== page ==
Everything, Everything - September 2006

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Apple
Saturday 30th September, 2006 21:29
Hehe, hindsight is a wonderful thing:

Fortune, 2/19/1996:
"By the time you read this story, the quirky cult company...will end its wild ride as an independent enterprise."

Time Magazine, 2/5/96:
"One day Apple was a major technology company with assets to make any self respecting techno-conglomerate salivate. The next day Apple was a chaotic mess without a strategic vision and certainly no future."

BusinessWeek, 10/16/95:
"Having underforecast demand, the company has a $1 billion-plus order backlog....The only alternative: to merge with a company with the marketing and financial clout to help Apple survive the switch to a software-based company. The most likely candidate, many think, is IBM Corp."

A Forrester Research analyst, 1/25/96 (quoted in, of all places, The New York Times):
"Whether they stand alone or are acquired, Apple as we know it is cooked. It's so classic. It's so sad."

Nathan Myhrvold (Microsoft's chief technology officer, 6/97:
"The NeXT purchase is too little too late. Apple is already dead."

Wired, "101 Ways to Save Apple," 6/97:
"1. Admit it. You're out of the hardware game."

BusinessWeek, 2/5/96:
"There was so much magic in Apple Computer in the early '80s that it is hard to believe that it may fade away. Apple went from hip to has-been in just 19 years."

Fortune, 2/19/1996:
"Apple's erratic performance has given it the reputation on Wall Street of a stock a long-term investor would probably avoid."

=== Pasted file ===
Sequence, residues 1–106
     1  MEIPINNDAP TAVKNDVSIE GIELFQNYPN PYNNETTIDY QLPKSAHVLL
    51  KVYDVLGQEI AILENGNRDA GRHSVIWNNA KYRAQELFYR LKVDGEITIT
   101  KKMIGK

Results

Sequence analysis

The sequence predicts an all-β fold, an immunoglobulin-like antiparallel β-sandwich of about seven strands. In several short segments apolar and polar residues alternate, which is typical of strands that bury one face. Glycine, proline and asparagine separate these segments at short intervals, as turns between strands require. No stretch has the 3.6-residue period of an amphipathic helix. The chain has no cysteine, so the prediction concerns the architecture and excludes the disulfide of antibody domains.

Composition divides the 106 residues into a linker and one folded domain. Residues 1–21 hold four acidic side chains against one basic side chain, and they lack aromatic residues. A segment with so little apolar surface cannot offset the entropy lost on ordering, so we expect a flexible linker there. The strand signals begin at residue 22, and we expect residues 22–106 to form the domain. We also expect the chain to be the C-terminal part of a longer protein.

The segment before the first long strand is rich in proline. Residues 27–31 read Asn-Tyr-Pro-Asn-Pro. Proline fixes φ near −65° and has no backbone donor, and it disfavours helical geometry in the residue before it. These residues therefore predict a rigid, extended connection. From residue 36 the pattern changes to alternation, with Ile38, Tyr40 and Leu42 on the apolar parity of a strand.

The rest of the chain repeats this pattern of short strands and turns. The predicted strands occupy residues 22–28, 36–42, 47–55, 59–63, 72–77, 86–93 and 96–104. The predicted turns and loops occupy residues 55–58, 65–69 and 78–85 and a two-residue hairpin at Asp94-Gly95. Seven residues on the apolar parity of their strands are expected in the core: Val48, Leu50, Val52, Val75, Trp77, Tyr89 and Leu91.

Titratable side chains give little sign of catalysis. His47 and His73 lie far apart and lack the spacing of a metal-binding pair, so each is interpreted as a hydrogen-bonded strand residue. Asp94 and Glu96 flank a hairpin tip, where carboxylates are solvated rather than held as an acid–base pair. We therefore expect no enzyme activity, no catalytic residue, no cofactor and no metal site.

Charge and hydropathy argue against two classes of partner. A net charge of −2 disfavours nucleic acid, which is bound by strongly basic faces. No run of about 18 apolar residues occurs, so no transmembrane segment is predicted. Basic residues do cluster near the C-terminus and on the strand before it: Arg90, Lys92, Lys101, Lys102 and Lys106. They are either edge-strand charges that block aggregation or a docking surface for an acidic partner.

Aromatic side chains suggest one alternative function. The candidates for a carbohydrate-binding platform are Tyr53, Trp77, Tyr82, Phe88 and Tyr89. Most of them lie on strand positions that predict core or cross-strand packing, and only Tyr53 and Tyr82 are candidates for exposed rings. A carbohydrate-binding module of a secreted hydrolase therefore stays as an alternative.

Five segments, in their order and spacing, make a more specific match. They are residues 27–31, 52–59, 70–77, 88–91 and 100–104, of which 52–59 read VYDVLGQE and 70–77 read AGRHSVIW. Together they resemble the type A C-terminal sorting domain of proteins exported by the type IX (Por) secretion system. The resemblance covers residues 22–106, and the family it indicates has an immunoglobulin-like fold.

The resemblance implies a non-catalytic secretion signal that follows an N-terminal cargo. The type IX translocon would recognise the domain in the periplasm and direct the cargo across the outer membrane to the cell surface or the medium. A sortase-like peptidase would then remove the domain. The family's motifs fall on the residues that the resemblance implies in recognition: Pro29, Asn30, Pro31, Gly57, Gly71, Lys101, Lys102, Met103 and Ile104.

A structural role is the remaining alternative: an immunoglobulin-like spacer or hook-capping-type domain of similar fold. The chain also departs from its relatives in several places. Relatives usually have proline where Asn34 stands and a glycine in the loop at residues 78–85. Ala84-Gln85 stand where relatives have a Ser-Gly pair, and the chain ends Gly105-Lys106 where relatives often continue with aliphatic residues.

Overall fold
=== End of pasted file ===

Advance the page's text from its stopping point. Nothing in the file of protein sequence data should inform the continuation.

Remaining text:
The Economist, 2/23/95:
"Apple could hang on for years, gamely trying to slow the decline, but few expect it to make such a mistake. Instead it seems to have two options. The first is to break itself up, selling the hardware side. The second is to sell the company outright."

The Financial Times, 7/11/97:
"Apple no longer plays a leading role in the $200 billion personal computer industry. 'The idea that they're going to go back to the past to hit a big home run...is delusional,' says Dave Winer, a software developer."
Adverts On Channel 4
Thursday 28th September, 2006 22:53
Pringles apparently do a Thai sweet chilli flavour! Yummy.
Wow
Thursday 28th September, 2006 11:57
I just looked out of the window in the corner and the view is stunning. I'd like to take a photo, but I'd look silly.
08001385425
Wednesday 27th September, 2006 15:30
I just had a missed call on my personal mobile (the one that's been registered with the TPS since something like June). It looks like it might be yet another cold call from someone offering an "upgrade", probably in return for switching to 3.
Drinks
Sunday 24th September, 2006 23:08
The cynic inside of me couldn't help but think that the airport and airlines might be behind the security measures that continue to ban liquids on flights, in order to sell overpriced drinks. Seriously, have you seen the price of a 250ml bottle of coke on an EasyJet flight? I suppose it's one way for the airlines to get some money back after all those cancelled flights.
Scotland
Sunday 24th September, 2006 22:25
It'd probably be quite beautiful here if it weren't so cold and wet. The room seems pretty nice, although not as good as the one in Bedford, and I was happy to discover they have wireless internet access with a pretty good signal. I had dinner with Mike in a nearby pub and the dish was amazing. Probably one of the best chicken dishes I've ever had. I think we're both prepared for tomorrow, it could be quite a good week after all.